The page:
The artist's earliest effort wrought with care, The bard's first ballad, written in his tears, Set by his later toil seems poor and tame.
And into nothing dwindles at the test.
So with the passions of maturer years Let those who will demand the first fond flame, Give me the heart's last love, for that is best.


by Ella Wheeler Wilcox | |

Love is Enough

 Love is enough.
Let us not ask for gold.
Wealth breeds false aims, and pride and selfishness; In those serene, Arcadian days of old Men gave no thought to princely homes and dress.
The gods who dwelt on fair Olympia's height Lived only for dear love and love's delight.
Love is enough.
Love is enough.
Why should we care for fame? Ambition is a most unpleasant guest: It lures us with the glory of a name Far from the happy haunts of peace and rest.
Let us stay here in this secluded place Made beautiful by love's endearing grace! Love is enough.
Love is enough.
Why should we strive for power? It brings men only envy and distrust.
The poor world's homage pleases but an hour, And earthly honours vanish in the dust.
The grandest lives are ofttimes desolate; Let me be loved, and let who will be great.
Love is enough.
Love is enough.
Why should we ask for more? What greater gift have gods vouchsafed to men? What better boon of all their precious store Than our fond hearts that love and love again? Old love may die; new love is just as sweet; And life is fair and all the world complete: Love is enough!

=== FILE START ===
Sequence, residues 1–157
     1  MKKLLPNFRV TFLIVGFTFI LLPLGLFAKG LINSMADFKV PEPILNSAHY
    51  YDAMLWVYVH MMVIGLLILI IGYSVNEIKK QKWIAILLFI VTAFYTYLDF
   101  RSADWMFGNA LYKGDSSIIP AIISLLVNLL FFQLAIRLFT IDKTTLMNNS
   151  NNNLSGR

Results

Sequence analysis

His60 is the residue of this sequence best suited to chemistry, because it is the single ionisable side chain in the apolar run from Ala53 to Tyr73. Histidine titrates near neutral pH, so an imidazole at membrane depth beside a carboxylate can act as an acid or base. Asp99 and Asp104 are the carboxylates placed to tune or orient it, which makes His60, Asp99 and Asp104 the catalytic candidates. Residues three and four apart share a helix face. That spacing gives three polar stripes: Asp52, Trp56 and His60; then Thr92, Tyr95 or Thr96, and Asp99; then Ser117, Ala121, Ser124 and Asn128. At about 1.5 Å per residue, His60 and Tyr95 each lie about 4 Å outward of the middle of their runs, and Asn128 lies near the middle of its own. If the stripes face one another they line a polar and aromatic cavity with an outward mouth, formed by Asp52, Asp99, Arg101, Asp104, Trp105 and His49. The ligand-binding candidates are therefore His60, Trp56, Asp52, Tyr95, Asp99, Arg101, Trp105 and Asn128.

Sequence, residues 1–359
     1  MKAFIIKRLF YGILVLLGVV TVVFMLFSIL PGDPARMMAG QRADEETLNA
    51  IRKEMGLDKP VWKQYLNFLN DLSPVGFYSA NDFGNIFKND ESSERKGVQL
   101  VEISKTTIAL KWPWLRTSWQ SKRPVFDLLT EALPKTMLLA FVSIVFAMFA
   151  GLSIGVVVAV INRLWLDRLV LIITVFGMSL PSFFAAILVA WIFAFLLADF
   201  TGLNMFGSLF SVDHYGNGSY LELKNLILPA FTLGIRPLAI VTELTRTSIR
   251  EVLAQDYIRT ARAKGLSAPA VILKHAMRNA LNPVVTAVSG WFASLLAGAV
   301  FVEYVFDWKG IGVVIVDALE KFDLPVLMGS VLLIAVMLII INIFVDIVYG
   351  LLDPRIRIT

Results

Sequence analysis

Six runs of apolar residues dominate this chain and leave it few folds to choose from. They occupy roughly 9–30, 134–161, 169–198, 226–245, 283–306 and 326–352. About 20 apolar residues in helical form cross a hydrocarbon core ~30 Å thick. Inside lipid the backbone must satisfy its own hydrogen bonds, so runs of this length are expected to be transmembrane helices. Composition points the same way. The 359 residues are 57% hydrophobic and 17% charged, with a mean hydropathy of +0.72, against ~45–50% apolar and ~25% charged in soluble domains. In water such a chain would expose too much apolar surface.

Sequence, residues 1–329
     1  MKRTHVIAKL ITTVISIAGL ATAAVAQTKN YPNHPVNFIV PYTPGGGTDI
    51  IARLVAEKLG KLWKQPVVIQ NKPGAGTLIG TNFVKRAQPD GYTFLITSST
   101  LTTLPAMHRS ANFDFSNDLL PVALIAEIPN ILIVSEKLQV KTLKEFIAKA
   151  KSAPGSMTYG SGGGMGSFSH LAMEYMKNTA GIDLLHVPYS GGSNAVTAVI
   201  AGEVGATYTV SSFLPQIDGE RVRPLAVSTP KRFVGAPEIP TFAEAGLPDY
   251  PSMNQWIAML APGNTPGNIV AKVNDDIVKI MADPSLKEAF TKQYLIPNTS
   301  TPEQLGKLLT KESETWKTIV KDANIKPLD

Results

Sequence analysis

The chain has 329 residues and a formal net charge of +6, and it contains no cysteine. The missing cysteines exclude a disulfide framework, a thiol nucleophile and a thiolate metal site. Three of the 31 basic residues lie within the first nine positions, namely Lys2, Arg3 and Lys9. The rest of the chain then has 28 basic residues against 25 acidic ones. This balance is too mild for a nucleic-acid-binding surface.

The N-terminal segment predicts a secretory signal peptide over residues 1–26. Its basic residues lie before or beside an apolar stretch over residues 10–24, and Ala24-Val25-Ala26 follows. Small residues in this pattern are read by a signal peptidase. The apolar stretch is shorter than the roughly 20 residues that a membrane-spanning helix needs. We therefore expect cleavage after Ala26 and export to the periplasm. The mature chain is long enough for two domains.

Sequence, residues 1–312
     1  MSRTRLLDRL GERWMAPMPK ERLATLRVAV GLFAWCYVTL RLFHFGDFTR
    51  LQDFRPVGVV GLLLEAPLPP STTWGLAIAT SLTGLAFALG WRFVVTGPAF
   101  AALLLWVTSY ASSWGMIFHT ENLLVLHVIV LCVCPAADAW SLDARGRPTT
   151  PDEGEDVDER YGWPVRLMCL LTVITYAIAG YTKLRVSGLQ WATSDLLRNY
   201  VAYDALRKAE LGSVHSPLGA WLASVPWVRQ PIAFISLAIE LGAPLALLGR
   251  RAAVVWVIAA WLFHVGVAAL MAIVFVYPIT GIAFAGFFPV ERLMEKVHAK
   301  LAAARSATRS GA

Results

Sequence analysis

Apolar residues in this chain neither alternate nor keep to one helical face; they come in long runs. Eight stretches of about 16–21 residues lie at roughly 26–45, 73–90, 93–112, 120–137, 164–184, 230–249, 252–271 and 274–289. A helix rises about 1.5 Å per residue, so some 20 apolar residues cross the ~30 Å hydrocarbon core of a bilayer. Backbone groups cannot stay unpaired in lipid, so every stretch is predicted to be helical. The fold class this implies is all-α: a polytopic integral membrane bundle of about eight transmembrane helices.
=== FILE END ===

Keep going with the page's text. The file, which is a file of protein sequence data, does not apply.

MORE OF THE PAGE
by Ella Wheeler Wilcox | |

Does It Pay?

 If one poor burdened toiler o’er life’s road, 
Who meets us by the way, 
Goes on less conscious of his galling load, 
Then life, indeed, does pay.
If we can show the troubled heart the gain That lies always in loss, Why, then, we too are paid for all the pain Of bearing life’s hard cross.
If some despondent soul to hope is stirred, Some sad lip made to smile, By any act of ours, or any word, Then, life has been worth while.


by Ella Wheeler Wilcox | |

Going Away

 Walking to-day on the Common, 
I heard a stranger say
To a friend who was standing near him, 
'Do you know I am going away? '
I had never seen their faces, 
May never see them again; 
Yet the words the stranger uttered, 
Stirred me with nameless pain.
For I knew some heart would miss him, Would ache at his going away! And the earth would seem all cheerless For many and many a day.
No matter how light my spirits, No matter how glad my heart, If I hear those two words spoken, The teardrops always start.
They are so sad and solemn, So full of a lonely sound; Like dead leaves rustling downward, And dropping upon the ground, Oh, I pity the naked branches, When the skies are dull and gray, And the last leaf whispers softly, 'Good-bye, I am going away.